Young offenders in a town in Western Australia’s far north would be sent on a trek with Miriuwung and Gajerrong elders instead of being locked up in a detention centre under a proposal put forward by a native title organisation.
The MG Corporation, which represents the Miriuwung and Gajerrong people, has put the plan to WA Premier Mark McGowan and former WA Chief Justice Wayne Martin, who retired last Friday.
The Rangga-ranggab program, which means ‘to listen’, aims to offer Aboriginal children caught up in the justice system an alternative pathway, connecting them back to their country and culture.
The cultural trek would be an overnight camping journey through MG country that would include lessons in traditional hunting, gathering, fishing and cooking.
MG Corporation executive chairperson Lawford Benning said young people were being sent away to Banksia Hill Detention Centre in Perth—thousands of kilometres away—at an alarming rate.
“Indigenous young people in Kununurra are some of the most marginalised in Australia, suffering from years of intergenerational trauma, Fetal Alcohol Spectrum Disorders and high levels of family violence,” he said.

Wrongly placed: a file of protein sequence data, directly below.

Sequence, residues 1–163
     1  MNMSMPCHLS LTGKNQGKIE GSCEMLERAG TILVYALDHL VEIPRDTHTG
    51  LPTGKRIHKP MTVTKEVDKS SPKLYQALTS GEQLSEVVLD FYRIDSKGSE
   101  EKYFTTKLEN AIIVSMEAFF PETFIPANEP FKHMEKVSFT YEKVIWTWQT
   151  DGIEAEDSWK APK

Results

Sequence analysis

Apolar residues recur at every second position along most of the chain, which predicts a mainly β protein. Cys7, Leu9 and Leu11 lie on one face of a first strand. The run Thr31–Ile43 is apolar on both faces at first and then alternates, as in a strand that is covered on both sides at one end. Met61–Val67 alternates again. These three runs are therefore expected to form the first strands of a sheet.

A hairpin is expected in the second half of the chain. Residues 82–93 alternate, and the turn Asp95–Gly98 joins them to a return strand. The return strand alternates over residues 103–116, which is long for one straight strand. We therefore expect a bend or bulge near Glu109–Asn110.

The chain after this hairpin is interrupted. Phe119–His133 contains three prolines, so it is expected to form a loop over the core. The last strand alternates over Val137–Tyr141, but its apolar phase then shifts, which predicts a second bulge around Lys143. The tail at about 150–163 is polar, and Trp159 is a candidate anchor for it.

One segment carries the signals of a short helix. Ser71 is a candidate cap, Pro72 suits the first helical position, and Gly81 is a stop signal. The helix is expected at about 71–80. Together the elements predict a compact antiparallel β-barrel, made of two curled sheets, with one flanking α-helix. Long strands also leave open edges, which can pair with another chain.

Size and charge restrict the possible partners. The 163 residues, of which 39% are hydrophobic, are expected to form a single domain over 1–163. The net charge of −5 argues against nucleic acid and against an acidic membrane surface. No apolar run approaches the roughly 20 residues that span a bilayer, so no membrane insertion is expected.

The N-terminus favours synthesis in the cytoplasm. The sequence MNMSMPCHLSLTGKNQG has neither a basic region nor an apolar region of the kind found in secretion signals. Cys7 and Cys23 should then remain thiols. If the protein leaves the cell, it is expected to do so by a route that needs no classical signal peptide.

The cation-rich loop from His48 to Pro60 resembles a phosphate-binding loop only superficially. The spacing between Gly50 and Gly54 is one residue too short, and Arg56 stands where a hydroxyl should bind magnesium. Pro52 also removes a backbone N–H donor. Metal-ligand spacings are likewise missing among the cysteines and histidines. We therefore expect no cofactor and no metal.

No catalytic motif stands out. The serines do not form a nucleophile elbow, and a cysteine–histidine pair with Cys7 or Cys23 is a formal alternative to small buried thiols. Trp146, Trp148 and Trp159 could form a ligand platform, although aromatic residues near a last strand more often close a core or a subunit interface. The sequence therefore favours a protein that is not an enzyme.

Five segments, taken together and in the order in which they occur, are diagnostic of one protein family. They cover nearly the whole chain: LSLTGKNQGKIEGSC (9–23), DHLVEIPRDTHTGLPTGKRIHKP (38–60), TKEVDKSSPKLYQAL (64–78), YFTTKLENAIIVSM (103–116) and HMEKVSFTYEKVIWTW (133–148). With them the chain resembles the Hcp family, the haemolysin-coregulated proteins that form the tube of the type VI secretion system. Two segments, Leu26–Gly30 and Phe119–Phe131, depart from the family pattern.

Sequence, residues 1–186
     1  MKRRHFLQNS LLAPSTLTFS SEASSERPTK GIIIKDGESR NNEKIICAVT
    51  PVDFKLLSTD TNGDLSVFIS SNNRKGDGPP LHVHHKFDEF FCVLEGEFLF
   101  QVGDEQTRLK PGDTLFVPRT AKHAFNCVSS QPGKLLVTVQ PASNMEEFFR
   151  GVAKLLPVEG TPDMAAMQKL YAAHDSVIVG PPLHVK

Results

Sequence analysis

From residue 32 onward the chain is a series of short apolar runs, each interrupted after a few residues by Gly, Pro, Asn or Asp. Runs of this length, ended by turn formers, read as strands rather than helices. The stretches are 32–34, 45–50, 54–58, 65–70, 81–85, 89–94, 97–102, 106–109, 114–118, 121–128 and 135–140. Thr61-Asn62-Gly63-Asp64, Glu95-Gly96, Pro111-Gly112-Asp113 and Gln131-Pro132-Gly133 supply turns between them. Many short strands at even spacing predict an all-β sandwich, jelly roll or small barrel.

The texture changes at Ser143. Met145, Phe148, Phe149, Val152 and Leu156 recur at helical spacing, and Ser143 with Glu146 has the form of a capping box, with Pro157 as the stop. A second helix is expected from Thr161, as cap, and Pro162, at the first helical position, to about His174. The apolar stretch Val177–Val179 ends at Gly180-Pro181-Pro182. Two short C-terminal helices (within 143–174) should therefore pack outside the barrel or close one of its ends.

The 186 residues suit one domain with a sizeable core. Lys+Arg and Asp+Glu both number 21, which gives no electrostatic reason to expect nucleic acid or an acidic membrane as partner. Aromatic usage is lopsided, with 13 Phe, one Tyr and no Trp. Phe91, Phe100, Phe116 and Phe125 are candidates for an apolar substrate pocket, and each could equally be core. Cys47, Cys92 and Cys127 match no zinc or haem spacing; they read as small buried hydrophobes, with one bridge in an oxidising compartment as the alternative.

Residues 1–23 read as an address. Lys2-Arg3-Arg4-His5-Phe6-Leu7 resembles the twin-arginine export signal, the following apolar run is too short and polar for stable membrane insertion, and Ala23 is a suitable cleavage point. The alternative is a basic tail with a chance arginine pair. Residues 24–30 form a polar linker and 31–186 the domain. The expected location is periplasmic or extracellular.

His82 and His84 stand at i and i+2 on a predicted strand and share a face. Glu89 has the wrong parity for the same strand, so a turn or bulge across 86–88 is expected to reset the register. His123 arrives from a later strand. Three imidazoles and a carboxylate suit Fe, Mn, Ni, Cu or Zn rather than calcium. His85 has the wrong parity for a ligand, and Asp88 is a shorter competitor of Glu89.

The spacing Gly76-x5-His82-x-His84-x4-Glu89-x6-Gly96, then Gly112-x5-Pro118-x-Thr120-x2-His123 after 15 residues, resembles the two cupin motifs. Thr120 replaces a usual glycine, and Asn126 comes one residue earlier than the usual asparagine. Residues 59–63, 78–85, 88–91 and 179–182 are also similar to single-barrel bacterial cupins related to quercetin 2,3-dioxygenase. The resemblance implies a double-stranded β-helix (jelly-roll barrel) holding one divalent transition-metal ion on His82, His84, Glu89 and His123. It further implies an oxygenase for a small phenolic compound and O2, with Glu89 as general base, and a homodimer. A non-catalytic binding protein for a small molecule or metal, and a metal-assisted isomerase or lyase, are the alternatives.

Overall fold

“At Banksia Hill, our Miriuwung and Gajerrong children are far from their homes and culture and are not receiving the culturally appropriate care and support they need to overcome their barriers.
“The cultural trek would provide them with the opportunity to understand their country and start to build their self-identity.”
The corporation sees the Rangga-ranggab Program as the first phase of a strategy to rehabilitate young offenders while they remain on country, its partnerships co-ordinator Beth Rutter said.
The final stage would be a custom built, culturally appropriate “healing” facility which would serve as an alternative to Banksia Hill.
Mr McGowan’s office was contacted for comment, as was the Chief Justice’s office.
At the time of going to press, WA was still awaiting the appointment of a new Chief Justice.